The reality: Charlestown, being the oldest neighborhood in Boston, is located on a peninsular surrounded by three bodies of water. Having been built on filled wetlands, it is designated as an area of severs flooding, rising sea levels as well as the impending climate change. There are four ways to enter and exit Charlestown. Building towers, etc., in known flood zones? Seems to be no problem with the BPDA’s thinking or not thinking.

The reality: Charlestown has a low tree canopy and with the destruction of close to 300 trees to make room for the Bunker Hill Development, a heat island will result impacting the health and welfare of all residents of Charlestown. Another metric to consider, Boston has the worst traffic in the country and the fourth worst in the world.

The reality: Research has shown that parks and greenspace are essential to our overall health, physically and mentally.

However, the reality: Almost daily, we are inundated with evidence that procuring medical / psychiatric care and help is fraught with the exodus of health care workers in search of new careers, being burnt out or retiring. Which, as a nurse, stymies and concerns me. How are we to maintain a decent quality of life surrounded by brick, cement, and glass towers? We need the greenspace and trees to keep us from illnesses such as asthma, respiratory, and cardiac disease, our life expectancy is reduced.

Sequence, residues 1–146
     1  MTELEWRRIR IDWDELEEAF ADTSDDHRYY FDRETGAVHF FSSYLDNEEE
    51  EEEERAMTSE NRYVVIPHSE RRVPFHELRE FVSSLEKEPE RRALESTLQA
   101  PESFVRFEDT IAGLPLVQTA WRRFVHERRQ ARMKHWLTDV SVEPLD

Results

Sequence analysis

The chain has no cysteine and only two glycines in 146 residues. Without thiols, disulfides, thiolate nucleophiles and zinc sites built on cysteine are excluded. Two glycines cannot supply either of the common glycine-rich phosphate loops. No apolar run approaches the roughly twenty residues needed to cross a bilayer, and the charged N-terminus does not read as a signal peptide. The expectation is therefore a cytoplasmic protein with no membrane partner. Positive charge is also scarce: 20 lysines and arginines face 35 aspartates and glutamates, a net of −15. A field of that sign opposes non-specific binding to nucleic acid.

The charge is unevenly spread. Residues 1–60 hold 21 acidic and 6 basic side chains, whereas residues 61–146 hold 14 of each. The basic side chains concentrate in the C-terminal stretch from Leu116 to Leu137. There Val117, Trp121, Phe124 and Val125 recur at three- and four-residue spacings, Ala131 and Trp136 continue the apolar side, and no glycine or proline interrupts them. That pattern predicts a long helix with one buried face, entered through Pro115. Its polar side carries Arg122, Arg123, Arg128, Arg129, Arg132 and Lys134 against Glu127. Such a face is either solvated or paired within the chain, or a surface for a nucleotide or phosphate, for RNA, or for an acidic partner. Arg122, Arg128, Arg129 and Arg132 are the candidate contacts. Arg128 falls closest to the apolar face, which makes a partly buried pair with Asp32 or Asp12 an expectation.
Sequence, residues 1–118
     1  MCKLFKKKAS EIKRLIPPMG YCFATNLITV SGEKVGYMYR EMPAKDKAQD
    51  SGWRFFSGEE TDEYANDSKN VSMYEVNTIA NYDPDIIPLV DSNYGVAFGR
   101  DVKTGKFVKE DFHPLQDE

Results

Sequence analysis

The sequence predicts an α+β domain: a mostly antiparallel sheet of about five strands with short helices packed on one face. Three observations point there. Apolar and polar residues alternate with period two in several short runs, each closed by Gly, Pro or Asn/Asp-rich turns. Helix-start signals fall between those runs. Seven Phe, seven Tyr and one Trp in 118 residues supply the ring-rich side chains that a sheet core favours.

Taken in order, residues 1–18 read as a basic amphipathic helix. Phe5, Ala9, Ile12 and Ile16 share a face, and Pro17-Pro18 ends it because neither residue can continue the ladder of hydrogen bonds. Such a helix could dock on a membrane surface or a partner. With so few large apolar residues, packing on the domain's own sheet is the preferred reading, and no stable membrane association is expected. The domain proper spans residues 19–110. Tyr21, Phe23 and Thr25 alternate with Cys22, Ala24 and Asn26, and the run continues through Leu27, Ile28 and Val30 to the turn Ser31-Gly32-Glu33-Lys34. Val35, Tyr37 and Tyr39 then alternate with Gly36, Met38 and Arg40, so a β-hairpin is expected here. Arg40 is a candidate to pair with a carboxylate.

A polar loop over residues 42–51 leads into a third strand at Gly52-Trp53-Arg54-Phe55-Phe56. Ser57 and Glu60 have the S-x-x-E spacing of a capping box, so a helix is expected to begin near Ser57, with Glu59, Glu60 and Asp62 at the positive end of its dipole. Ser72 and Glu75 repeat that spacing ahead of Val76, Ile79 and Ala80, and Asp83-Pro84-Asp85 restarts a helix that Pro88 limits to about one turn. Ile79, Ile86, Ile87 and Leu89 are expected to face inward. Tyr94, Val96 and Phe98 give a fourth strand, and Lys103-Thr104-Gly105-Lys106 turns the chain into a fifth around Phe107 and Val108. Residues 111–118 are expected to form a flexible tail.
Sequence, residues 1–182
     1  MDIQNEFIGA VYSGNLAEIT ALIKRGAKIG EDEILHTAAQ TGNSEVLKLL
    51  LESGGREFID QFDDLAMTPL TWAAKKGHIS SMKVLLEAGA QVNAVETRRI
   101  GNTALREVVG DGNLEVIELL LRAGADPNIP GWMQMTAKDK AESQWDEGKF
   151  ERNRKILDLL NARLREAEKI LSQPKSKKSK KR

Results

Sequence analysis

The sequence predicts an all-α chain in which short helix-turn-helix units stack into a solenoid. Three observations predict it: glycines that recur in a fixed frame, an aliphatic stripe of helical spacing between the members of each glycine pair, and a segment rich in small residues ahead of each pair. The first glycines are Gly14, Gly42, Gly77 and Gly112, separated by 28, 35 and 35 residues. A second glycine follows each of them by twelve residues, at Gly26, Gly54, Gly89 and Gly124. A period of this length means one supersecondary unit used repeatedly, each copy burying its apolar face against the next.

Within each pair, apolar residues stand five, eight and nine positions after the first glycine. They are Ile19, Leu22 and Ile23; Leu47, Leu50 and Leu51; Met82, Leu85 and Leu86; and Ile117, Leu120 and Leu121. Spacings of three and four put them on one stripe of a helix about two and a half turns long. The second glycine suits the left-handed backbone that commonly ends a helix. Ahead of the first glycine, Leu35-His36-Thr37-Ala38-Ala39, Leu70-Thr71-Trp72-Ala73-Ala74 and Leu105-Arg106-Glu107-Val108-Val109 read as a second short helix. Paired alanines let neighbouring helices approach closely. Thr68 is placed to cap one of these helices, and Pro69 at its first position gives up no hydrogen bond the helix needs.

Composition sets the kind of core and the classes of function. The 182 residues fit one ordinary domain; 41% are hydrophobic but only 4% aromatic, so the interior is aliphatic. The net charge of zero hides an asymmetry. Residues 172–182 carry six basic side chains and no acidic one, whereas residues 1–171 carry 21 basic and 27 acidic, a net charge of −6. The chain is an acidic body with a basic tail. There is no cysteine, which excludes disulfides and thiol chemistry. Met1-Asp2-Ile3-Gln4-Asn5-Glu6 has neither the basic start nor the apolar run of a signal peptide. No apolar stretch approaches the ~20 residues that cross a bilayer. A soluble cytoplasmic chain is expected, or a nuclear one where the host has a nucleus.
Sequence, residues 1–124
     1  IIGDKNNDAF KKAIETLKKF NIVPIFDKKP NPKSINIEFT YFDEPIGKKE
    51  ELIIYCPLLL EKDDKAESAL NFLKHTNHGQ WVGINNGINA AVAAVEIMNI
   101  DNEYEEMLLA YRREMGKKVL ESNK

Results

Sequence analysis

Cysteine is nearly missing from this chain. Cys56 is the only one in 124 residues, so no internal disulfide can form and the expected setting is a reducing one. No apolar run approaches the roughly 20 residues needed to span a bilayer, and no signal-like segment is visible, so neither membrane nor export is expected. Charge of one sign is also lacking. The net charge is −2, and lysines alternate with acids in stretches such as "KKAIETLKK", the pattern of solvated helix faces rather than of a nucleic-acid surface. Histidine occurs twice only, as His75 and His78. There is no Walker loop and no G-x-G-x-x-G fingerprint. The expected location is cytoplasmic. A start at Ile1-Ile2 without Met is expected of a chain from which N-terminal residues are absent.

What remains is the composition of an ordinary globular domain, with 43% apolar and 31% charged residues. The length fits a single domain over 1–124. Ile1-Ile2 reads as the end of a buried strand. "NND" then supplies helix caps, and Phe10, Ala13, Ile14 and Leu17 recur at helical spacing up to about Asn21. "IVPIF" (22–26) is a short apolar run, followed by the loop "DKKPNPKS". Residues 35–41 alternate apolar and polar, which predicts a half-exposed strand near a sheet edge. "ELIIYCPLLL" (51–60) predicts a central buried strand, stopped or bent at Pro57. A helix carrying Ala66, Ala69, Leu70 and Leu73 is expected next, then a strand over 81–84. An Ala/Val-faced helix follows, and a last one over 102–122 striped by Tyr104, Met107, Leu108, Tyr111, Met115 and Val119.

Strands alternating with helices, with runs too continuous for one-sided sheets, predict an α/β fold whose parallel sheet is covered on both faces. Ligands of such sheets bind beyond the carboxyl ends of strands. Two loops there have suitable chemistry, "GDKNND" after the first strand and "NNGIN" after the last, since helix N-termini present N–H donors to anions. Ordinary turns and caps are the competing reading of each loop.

The reality:  The BPDA swallows up all available land for building while disregarding the quality of life for its residents. We strive to strive take care of our health needs. The BPDA seems to ignore any scientific evidence for making sure we all have a decent quality of life. We need to have a healthy environment to stay out of the hospital. 

To the BPDA, stop wasting your time and our quality of life by projecting what the needs of Charlestown will be in 2050. Pay attention to reality and what needs to be done now for all the residents of Charlestown.

Listen to the Charlestown residents. We want smart development, that is integrated with the needs of the community which address climate change, plants and maintains mature trees and green natural areas to mitigate heat island effect which is taking its toll on our environment and our health. 

Close to 4,000 residents asked for a Master Plan and we have Plan Charlestown. The BPDA is not listening to or working for the community.

The reality is that the BPDA is really the Boston Building and Development Agency as there is no planning.

The reality is that each breath of polluted air we breathe, can be lessened, or prevented by an astute agency that seriously considers life more important than profits.

Thank you,

Ann Kelleher